At the White Hart Inn, black and white photos of cheery (and beery) patrons hang on the walls. Forget television's Cheers: this is the pub where everyone will soon know your name. You're likely remember the names of their beer and ale. The White Hart Bitter won the Silver at SIBA National Beer Competition and if you want gold, there's their Ramsbury Gold, which blends pale ale malt, crystal malt and a small amount of torrified wheat. Their food is equally hearty: jackets (baked potatoes stuffed with sausage and beans and other goodies), homemade cottage pie (a meat pie with a golden crust of mashed potatoes), and a burger that tastes like fine steak. At this point, the Thames is fledgling, not yet ready to float a boat, but the White Hart Inn will keep you afloat.
The Kingfisher: A pub that isn't
Since pub is short for Public House, the Kingfisher isn't a pub, as it's a private place, open only to residents of its inn. It's worth a stay given the quality of its chow. The Kingfisher is just up an alley from the Thames River in Shillingford, Oxfordshire, where the Thames is now plenty deep enough to float your canoe or kayak. The innkeepers are Alexis and Mayumi, a dynamic duo. Mayumi commands the kitchen and Alexis tends to the unpub's patrons. The food and ales are top notch and the alleyway that leads to the inn is a gauntlet of wisteria.
Blanket basket at the Bull Inn.
The Bull Inn: A thoroughly witchproofed pub, frequented by highwayman Dick Turpin and Hollywoodman George Clooney
Dick Turpin is England's Billy the Kid, a romanticized killer and highwayman. Enter The Bull Inn and just past the woven basket of fresh fruits and veggies and the stack of wool blankets (in case you get chilled while drinking at their outside tables), you'll find Turpin's handgun, for Turpin fancied The Bull Inn. Push farther into this twisty pub, past the gleaming tap handles, and you'll find a fireplace mantel with various marks, blackened over centuries. They aren't vandals' marks, but rather the handiwork of clever, long-gone patrons who knew that such particular scratchings prevented witches from coming down the chimney. Good thinking, eh? Push into the pub's past and you'll find skeletons in its closet, literal skeletons, some of which have been dated to the Medieval Period, which were discovered in various remodelings. Its heaps of history are perhaps why George Clooney favors this pub (his digs are just up the river). Their menu shifts with the seasons because they're cooking whatever's freshest.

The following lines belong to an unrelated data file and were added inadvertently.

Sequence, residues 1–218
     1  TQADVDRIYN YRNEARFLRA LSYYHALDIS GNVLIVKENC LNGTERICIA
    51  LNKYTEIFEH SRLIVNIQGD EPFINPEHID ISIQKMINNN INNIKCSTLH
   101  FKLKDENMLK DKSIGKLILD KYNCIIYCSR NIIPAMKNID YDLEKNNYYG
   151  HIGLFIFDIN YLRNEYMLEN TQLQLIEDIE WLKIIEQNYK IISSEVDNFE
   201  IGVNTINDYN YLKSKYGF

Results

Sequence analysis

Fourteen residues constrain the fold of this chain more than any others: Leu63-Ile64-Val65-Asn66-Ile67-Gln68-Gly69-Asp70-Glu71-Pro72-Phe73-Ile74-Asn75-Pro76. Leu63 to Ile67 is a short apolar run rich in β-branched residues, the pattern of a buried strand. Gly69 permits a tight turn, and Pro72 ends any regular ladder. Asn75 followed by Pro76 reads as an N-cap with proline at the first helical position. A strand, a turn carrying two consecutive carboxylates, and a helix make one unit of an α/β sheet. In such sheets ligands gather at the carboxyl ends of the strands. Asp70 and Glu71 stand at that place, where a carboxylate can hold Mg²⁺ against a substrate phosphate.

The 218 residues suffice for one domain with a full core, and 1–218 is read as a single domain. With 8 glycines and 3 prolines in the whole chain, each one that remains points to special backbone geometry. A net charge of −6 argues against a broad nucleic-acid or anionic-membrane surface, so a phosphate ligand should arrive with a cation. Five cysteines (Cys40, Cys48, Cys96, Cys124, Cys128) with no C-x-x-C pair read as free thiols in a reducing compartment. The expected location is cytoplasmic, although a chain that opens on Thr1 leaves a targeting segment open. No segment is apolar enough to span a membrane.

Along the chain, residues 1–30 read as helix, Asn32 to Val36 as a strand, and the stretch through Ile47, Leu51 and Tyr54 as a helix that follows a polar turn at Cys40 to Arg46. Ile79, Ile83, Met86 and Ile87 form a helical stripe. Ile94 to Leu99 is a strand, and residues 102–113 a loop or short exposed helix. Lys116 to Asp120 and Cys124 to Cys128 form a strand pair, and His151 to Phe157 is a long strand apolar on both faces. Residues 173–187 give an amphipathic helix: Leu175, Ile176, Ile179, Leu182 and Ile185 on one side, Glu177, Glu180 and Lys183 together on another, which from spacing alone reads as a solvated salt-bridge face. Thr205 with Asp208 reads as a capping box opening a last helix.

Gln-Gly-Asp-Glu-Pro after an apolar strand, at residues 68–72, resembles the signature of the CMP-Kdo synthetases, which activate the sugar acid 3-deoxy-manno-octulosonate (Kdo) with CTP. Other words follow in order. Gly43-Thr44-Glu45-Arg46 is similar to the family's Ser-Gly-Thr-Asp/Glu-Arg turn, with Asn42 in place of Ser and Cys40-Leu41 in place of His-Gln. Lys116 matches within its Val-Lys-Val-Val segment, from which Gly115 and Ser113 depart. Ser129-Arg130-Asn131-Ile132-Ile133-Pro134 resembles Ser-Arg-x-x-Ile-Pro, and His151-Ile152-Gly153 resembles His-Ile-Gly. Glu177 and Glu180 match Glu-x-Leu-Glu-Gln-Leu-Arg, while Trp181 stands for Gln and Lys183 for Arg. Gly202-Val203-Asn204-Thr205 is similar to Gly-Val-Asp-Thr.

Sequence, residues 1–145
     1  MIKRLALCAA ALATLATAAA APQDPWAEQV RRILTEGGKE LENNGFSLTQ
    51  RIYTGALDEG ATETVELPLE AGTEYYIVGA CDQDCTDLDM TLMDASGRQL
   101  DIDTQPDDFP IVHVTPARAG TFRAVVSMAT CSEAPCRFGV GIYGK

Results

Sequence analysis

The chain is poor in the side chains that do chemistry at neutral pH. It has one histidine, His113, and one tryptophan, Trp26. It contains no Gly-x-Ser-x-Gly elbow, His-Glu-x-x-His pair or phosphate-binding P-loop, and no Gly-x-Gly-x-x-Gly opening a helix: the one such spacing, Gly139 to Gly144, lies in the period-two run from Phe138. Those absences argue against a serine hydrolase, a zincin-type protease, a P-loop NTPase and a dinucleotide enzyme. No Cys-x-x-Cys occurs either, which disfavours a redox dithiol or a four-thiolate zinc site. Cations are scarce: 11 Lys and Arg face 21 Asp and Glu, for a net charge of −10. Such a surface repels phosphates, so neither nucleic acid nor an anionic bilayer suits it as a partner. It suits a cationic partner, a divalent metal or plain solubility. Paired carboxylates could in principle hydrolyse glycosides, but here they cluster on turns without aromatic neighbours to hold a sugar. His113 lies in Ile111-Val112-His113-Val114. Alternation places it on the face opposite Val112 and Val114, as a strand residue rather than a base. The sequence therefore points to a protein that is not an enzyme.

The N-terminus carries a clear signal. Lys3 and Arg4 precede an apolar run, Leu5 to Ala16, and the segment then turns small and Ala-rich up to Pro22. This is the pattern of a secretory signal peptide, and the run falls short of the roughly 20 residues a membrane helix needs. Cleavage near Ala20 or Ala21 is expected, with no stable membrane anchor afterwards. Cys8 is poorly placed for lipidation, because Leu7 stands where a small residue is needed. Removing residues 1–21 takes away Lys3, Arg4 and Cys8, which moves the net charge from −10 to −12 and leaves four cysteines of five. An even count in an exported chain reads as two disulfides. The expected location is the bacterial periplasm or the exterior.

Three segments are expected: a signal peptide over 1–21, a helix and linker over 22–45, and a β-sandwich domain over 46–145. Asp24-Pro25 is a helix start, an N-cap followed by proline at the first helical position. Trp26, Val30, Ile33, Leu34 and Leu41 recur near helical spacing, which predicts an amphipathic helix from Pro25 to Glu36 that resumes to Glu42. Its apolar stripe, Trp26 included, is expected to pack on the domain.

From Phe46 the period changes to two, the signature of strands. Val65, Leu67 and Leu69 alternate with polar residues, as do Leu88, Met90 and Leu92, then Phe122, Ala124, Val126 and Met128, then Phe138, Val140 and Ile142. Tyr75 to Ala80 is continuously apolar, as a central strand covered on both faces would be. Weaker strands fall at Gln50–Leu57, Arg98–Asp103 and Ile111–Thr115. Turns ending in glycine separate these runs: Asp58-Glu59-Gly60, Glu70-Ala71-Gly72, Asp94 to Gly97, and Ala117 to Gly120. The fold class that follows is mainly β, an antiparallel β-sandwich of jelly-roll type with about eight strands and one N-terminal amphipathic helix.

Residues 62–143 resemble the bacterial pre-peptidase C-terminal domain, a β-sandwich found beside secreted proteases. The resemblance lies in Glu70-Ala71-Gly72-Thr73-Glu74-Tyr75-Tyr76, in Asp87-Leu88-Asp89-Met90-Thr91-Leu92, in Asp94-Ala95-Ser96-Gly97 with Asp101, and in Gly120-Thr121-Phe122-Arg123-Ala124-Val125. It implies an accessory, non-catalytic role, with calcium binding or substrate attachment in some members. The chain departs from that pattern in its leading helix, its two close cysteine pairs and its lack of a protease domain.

The Trafalgar Tavern: Dickens, Thackeray, and other Saints and Sinners
Compared to many Thames pubs, The Trafalgar Tavern in Greenwich is nearly brand spanking new, having opened in only 1837. However, it's been there long enough to feed William Thackeray and Charles Dickens. The latter used the pub as the site of the wedding breakfast scene in "Our Mutual Friend." The Trafalgar Tavern has its own cuttingly cool site being cozied up to the Cutty Sark, the fleetest of the clipper ships. The Royal Navy Academy is another handsome neighbor, and the Greenwich Observatory is just up the hill. The food is fine, fine, fine. I ordered tomato soup with a tang that sang on my tongue, and we watched the setting sun turn branches into golden filaments. Upstairs, there's a club called Saints and Sinners. Having paddled and pubbed our way down the Thames, I think we qualify for membership in at least one way.
More from C&K